Electrical engineers in the US have created a “smart bandage” that uses electrical currents to detect early tissue damage from pressure ulcers before they can be seen by human eyes.
The technology is now possible due to advances in flexible electronics, according to the researchers from the University of California.
They exploited the electrical changes that occur when a healthy cell starts dying. When functioning properly, a cell’s membrane acts like an insulator to the cell’s conductive contents. But, as a cell starts to die, the integrity of the cell wall starts to break down, allowing electrical signals to leak through.
“We can imagine this being carried by a nurse for spot-checking target areas on a patient”
The researchers printed dozens of electrodes onto a thin, flexible film, and discharged a very small current between the electrodes to create a spatial map of the underlying tissue, based upon the flow of electricity at different frequencies.
They tested the thin, non-invasive bandage on the skin of rats and found the device was able to detect varying degrees of tissue damage consistently.
The researchers hope their findings, published in the journal Nature Communications, could provide a major boost to the prevention of pressure ulcers.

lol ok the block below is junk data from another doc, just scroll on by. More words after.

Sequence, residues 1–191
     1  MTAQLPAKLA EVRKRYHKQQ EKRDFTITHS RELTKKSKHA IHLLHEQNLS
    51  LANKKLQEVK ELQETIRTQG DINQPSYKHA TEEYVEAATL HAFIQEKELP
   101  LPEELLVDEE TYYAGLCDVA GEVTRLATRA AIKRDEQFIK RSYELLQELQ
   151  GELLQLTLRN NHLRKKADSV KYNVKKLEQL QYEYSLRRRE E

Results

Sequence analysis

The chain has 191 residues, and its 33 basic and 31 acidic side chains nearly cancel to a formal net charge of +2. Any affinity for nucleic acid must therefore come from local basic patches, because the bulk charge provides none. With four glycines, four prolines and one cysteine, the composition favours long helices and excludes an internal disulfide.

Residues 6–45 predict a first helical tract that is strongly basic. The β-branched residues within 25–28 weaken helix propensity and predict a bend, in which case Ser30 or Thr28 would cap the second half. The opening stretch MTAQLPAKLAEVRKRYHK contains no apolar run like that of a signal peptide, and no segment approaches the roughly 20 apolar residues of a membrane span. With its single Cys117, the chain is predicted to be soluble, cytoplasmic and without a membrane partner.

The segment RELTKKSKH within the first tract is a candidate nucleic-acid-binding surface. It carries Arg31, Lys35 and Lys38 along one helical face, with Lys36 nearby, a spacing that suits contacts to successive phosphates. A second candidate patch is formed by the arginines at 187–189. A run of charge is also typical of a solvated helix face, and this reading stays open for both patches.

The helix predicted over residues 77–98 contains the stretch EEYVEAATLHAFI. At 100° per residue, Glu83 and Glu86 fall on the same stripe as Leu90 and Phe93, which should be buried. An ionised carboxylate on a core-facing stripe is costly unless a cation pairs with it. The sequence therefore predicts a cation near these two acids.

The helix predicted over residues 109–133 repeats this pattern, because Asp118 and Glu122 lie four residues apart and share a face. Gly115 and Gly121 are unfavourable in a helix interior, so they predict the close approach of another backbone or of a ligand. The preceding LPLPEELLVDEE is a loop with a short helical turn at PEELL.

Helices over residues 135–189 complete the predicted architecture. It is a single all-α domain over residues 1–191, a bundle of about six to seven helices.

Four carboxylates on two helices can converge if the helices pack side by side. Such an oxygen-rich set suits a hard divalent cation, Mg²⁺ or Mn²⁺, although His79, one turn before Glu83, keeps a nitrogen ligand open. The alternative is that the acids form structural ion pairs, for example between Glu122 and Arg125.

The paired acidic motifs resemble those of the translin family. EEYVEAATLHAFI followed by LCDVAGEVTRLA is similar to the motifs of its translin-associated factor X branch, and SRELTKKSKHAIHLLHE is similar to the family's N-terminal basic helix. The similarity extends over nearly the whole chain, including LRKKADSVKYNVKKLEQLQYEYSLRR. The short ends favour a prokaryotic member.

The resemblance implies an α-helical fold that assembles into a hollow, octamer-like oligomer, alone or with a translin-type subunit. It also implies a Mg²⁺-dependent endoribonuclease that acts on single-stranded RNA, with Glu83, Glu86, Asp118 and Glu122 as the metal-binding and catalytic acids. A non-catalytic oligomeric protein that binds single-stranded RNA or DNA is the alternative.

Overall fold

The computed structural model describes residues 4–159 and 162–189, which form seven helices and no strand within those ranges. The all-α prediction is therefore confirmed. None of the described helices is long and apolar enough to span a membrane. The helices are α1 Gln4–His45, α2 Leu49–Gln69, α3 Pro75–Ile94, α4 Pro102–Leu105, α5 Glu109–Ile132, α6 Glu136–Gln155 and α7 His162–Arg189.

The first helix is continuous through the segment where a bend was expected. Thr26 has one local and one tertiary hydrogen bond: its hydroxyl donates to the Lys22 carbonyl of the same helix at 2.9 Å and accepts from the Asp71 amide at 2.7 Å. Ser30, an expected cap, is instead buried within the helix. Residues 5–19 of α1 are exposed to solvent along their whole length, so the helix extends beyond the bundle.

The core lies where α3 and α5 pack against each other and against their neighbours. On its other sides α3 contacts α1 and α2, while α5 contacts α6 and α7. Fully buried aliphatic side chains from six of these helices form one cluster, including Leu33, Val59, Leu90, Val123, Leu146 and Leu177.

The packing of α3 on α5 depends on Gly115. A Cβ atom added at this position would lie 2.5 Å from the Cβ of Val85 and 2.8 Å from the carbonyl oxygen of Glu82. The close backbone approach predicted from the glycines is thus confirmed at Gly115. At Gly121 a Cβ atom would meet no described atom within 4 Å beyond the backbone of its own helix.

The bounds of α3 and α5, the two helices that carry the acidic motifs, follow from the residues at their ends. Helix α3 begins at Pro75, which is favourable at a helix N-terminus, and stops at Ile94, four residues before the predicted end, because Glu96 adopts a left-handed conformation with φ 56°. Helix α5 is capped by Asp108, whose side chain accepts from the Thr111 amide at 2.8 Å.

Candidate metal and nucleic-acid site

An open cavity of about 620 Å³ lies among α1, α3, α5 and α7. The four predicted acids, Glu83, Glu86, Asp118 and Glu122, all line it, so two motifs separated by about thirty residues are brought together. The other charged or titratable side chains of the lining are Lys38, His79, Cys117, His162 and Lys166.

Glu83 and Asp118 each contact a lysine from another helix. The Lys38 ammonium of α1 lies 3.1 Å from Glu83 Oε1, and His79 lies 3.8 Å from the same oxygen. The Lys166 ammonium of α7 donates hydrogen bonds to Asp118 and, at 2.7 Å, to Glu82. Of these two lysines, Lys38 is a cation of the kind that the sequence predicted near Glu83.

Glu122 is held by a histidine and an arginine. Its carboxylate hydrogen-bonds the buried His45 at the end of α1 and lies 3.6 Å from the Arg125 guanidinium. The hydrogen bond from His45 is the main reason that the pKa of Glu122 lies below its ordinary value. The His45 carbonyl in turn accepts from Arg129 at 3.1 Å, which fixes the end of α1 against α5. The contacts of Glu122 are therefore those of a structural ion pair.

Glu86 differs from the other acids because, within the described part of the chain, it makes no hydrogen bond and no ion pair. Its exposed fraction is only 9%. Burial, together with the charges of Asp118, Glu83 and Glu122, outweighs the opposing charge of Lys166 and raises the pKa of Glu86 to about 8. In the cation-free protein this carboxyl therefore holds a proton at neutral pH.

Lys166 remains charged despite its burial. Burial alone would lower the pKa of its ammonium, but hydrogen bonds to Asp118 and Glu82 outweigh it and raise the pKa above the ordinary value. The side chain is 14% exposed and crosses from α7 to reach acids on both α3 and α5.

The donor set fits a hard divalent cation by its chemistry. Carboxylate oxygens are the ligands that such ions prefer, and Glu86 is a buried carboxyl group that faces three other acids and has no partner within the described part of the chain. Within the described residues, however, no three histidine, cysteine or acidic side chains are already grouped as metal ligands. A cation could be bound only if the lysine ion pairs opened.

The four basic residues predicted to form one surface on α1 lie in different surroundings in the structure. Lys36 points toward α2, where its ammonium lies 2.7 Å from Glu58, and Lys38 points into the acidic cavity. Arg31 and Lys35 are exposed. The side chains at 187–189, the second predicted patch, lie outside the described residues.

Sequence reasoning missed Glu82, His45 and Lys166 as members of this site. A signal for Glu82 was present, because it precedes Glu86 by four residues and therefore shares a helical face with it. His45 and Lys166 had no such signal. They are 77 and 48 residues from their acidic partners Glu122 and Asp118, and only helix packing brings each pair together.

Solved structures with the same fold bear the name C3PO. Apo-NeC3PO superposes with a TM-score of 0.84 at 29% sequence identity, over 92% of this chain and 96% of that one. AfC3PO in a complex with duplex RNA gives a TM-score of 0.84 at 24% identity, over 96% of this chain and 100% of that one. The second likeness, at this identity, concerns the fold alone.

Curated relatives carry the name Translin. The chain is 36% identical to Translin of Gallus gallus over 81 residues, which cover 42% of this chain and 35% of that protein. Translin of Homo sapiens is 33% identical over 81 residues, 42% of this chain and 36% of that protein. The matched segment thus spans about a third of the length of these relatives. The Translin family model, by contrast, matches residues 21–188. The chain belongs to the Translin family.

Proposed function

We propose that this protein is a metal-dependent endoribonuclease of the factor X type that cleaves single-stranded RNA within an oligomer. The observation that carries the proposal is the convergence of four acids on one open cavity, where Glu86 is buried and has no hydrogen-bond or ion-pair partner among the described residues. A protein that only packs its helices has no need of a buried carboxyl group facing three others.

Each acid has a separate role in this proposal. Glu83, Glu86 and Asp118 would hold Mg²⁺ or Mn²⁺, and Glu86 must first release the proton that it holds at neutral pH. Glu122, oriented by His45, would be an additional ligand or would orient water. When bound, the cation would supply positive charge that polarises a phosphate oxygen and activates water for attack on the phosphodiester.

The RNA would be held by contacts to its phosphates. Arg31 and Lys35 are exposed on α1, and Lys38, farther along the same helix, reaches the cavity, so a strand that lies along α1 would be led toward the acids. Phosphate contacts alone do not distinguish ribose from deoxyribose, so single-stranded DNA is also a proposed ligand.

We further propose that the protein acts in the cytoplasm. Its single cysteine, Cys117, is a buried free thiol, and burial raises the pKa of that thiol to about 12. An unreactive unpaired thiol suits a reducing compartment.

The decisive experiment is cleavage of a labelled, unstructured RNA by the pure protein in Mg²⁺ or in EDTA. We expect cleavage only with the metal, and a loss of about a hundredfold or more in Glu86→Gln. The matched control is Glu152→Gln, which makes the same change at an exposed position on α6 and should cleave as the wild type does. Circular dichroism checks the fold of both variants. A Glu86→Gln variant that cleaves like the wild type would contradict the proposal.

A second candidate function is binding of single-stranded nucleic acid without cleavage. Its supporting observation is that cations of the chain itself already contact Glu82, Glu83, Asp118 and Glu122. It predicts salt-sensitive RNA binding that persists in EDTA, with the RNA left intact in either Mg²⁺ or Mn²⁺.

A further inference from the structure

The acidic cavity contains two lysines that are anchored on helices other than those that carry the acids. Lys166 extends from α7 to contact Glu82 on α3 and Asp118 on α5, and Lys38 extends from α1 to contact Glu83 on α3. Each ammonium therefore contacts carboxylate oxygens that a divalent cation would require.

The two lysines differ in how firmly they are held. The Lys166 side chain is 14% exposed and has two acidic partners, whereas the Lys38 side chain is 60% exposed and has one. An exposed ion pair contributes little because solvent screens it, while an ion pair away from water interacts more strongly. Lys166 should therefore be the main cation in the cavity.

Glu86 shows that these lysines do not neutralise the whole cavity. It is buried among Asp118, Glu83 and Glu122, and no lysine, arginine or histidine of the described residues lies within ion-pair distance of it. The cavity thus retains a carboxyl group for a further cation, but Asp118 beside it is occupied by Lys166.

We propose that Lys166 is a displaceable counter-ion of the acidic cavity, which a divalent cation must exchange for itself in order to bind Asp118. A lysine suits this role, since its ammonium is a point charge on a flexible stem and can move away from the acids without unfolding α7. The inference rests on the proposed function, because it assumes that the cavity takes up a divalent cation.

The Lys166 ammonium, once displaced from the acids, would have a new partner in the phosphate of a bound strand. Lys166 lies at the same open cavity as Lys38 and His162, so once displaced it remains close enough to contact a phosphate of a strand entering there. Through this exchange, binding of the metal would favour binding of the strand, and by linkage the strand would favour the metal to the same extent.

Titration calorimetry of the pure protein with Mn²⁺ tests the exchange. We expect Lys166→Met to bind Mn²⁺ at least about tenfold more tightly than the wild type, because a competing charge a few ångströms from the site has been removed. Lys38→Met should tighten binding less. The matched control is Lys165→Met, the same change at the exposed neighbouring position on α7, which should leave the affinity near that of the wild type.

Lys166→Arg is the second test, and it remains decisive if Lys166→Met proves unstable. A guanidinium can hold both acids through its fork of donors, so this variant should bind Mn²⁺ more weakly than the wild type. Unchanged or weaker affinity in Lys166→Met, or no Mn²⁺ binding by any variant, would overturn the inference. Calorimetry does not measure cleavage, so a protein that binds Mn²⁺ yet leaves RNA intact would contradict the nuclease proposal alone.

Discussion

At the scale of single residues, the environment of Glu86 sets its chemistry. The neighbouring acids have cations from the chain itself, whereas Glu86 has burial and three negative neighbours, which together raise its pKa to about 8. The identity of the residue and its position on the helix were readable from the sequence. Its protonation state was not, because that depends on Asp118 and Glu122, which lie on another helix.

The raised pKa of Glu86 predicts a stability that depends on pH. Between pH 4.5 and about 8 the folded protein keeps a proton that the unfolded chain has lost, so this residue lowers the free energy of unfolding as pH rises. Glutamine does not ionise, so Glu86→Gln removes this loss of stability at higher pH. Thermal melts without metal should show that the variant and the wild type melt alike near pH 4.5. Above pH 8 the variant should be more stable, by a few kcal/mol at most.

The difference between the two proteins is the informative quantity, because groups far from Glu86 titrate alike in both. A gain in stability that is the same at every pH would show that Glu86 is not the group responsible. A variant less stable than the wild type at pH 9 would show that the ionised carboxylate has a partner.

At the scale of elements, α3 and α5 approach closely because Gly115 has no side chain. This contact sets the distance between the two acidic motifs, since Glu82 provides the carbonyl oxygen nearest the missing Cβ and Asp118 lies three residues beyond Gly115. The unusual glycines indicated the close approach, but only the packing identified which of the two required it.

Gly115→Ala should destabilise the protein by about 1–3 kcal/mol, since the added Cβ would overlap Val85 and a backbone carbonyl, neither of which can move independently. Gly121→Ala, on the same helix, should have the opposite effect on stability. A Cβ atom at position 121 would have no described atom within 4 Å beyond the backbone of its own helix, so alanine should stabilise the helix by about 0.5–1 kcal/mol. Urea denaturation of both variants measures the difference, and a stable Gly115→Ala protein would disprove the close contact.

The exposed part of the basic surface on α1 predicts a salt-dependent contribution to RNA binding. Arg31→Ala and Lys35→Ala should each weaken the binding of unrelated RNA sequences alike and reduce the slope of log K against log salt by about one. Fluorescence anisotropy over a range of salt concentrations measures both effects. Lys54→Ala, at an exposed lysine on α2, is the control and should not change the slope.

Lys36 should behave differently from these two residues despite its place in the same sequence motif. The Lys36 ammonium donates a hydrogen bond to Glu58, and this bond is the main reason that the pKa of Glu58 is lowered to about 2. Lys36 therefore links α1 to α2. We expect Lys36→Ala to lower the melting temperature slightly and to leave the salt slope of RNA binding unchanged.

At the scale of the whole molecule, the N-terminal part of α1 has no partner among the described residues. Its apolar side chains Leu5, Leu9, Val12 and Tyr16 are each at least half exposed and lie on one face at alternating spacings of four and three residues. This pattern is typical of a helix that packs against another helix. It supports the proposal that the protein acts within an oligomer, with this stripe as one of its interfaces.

Associate Professor Michel Maharbiz, head of the project at the University of California, Berkeley, said his team set out to create a type of bandage that could detect pressure ulcers “as they are forming” and “before the damage reaches the surface of the skin”.
“We can imagine this being carried by a nurse for spot-checking target areas on a patient, or it could be incorporated into a wound dressing to regularly monitor how it’s healing,” he said.
Study co-author Dr Michael Harrison, professor of surgery at University of California, San Francisco, added: “This bandage could provide an easy early-warning system that would allow intervention before the injury is permanent.
“The genius of this device is that it’s looking at the electrical properties of the tissue to assess damage. We currently have no other way to do that in clinical practice,” he said.